Blind people are known to have played golf since the 1920s in the USA. It is also on record that a match between two blind Englishmen and two Americans took place before the Second World War. The United States Blind Golf Association was established in 1947 and organised events have taken place in America since then.
In Britain there were individual visually impaired people playing golf in isolation. There was also a small group based around St Dunstan's, who received professional tuition. In 1982 England and Wales Blind Golf (as it is now known) was founded - it was then called the Visually Handicapped Golfers Association. EWBG developed gradually becoming a registered charity in 1989 and a company limited by guarantee in 1997.
The main purpose of the Organisation is to provide visually handicapped people with the facility to train and compete in the game of golf. Training is provided by giving new members support to receive lessons from professional golfers. In addition each year the organisation invites all members to attend a training weekend at which PGA professionals teach the various aspects of the game. Assistance is also given to schools for the blind where pupils want to start to play golf.
Players meet together on six occasions each year for the EWBG major competitions. There are three one day events, a two day English Strokeplay Championship, a Matchplay Championship played over three days and the Lawrence Levy British Blind Masters, a four day 72 hole competition (the only one of its kind in the world). In addition beginners are invited to play in 9 hole events from time to time.
In rotation with the Scottish Blind Golf Society and the Northern Ireland Blind Golf Association EWBG hosts the British Blind Golf Open Championships every three years.
Each year EWBG players strive to be selected to represent England in the Annual Blind Golf International against Scotland for the Auld Enemies Cup. To qualify players have to finish in the top nine in the Order of Merit with EWBG Captain choosing four wildcards. In the series to date the score is England 12 and Scotland 13 with 3 matches halved. England currently holds the trophy.
In addition to domestic competition EWBG members can play in open blind golf events around the world including the World Blind Golf Championship held every two years. In 1998 EWBG was a founder member of the International Blind Golf Association an organisation that now has fourteen member countries around the world.
The Organisation has developed gradually through the years and is very much like any other golf club, the major difference being it has no golf course of its own. A handicap system is run which is similar to any golf club and the game is played to the Rules of Golf laid down by the Royal and Ancient Golf Club of St Andrews subject to agreed Modifications for Disabled Golfers. The main differences are that a blind golfer may ground the club in a hazard and the guide can stand behind the players when the shot is played. EBWG keeps in contact with the R&A and an audio version of the Rules of Golf is produced when the rules are revised every four years.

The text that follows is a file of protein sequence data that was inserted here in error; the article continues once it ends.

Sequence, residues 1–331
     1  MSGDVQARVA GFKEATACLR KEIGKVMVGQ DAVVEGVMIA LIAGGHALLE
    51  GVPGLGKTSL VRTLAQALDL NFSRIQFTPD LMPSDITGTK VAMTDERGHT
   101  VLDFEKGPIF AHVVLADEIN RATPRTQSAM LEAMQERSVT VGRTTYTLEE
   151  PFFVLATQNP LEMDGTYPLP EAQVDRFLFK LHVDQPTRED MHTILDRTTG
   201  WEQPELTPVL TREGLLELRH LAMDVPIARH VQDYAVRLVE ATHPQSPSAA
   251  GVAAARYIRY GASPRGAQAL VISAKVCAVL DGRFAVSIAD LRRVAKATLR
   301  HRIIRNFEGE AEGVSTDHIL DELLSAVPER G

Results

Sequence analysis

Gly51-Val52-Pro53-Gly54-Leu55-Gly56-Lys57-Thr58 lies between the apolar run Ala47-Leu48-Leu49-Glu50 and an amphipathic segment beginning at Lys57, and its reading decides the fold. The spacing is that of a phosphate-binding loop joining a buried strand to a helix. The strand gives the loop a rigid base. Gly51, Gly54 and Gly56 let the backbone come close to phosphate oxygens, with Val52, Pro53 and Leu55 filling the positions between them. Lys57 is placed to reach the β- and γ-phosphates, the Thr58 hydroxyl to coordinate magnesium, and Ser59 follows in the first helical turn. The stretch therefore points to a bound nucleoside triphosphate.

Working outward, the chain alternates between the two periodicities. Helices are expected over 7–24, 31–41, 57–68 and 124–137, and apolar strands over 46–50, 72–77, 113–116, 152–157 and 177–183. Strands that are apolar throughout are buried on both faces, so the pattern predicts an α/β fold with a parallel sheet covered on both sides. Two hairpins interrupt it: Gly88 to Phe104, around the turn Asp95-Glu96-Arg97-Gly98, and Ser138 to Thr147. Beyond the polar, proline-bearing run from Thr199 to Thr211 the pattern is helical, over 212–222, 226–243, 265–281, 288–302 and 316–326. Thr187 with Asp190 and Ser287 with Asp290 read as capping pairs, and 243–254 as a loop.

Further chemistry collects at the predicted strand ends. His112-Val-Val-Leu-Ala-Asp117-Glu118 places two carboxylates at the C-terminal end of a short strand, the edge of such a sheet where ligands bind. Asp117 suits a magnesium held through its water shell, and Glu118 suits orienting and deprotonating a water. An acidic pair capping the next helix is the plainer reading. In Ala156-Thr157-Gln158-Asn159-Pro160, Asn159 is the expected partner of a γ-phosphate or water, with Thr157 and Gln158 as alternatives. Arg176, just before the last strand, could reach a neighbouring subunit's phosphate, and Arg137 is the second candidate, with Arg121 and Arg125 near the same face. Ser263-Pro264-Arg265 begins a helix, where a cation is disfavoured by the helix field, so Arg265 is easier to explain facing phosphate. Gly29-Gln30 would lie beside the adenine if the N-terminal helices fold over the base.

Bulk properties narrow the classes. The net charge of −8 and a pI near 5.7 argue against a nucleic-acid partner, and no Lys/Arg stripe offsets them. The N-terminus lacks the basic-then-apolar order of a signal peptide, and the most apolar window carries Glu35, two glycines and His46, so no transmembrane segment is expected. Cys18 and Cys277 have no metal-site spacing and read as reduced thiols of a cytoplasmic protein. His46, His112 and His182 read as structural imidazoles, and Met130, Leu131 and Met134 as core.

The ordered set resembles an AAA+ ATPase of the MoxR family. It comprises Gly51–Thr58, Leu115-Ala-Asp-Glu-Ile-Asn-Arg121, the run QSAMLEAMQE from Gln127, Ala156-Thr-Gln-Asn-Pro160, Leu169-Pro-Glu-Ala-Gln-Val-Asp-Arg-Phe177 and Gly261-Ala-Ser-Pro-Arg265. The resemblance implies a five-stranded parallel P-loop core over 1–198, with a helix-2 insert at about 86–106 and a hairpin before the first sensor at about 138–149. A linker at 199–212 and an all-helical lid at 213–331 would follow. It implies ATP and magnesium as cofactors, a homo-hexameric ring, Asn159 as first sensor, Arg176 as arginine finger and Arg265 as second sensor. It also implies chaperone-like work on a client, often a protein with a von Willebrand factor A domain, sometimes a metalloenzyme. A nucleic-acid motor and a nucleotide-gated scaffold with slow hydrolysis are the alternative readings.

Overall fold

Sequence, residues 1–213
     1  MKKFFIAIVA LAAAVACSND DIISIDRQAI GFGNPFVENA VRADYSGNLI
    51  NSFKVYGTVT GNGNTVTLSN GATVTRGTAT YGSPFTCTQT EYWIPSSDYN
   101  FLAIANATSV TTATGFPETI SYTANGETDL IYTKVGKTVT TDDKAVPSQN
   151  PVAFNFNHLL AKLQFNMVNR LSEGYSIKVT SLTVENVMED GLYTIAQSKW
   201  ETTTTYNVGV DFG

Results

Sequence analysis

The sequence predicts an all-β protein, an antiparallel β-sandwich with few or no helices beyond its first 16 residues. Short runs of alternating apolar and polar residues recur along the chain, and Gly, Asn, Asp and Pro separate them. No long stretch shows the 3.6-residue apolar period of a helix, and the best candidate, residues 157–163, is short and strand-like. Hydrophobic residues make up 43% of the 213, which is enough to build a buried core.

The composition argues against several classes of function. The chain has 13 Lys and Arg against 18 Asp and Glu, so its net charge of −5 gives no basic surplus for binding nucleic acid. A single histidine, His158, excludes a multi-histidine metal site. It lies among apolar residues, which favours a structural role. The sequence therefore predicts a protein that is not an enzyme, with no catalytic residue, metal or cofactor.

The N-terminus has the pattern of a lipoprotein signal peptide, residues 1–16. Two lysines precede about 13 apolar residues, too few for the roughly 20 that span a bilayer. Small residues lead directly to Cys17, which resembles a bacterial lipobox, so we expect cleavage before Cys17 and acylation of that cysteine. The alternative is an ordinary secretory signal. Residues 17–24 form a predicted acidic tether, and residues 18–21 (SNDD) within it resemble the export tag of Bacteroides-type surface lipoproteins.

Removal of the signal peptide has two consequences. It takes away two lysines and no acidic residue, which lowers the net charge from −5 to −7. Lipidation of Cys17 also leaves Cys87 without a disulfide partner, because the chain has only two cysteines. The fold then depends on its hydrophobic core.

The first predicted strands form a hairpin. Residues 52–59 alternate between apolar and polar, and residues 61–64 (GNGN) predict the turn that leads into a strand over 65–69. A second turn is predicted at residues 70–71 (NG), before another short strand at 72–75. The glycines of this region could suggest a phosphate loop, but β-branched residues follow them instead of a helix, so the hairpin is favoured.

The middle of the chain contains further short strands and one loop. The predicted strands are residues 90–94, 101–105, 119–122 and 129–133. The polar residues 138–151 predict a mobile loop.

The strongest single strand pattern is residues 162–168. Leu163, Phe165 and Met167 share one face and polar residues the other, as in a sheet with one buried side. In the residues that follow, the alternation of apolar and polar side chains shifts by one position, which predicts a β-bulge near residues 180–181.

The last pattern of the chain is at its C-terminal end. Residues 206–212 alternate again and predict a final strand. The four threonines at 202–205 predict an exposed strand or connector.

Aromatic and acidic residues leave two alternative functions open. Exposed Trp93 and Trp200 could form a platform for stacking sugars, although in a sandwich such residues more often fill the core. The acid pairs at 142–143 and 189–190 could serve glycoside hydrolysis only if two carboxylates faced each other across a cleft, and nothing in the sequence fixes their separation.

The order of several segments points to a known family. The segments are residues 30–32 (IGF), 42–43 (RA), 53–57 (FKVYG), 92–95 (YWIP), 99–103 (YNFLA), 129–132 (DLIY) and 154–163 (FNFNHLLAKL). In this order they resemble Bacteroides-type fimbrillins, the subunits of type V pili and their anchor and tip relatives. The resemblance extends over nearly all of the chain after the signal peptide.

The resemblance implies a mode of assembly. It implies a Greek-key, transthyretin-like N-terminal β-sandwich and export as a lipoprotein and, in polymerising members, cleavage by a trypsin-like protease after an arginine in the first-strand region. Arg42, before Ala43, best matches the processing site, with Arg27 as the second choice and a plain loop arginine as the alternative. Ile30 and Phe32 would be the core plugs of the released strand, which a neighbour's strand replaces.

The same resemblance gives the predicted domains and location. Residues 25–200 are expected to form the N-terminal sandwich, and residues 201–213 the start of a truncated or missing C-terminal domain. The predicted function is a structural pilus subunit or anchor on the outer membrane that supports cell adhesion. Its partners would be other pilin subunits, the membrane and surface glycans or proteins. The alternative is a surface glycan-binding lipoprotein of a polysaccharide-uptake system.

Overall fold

EWBG currently has ten Patrons, Peter Alliss, Sir Nick Faldo, Lee Westwood MBE, Henry Kelly, Keith Wood, Geoff Cope, DJ Spoony, Iain Carter, Ian Woosnam and Alec Fernihough and appreciates their active support. For example Sir Nick Faldo has participated in events to help raise the profile of EWBG, Peter Alliss gives the Association a mention during most of his commentaries and Alec Fernihough has welcomed us to Gaudet Luce Golf Course. The Association is very grateful to get such involvement from its Patrons.
As a charity EWBG is continually raising funds. The Association is fortunate to be the beneficiary of the will of Lawrence Levy (who was the premier golf photographer) and his legacy funds the British Blind Masters and the training weekend each year. The Primary Club sponsors the English Matchplay Championship each year. In addition many club captains make EWBG their charity for the year and thereby enable the organisation to run its events.
Players from EWBG take part in the golf days of many other charities including Cystic Fibrosis, The Royal London Society for the Blind and Merthyr Tydfil Institute for the Blind. Participation by blind golfers helps to publicise such events and the Association is pleased to help in this way.
A Board of Directors carries out the day to day administration and organisation of EWBG. All Directors are volunteers and they each give a great deal of their time to ensuring the organisation continues and is run as efficiently as possible. The cost of administration is therefore relatively small and the vast majority of funds go to meet the main objectives of the Association. As with all charities funding is essential but the Directors are optimistic that they can maintain sufficient funding to continue to meet the main aims of the charity in the foreseeable future.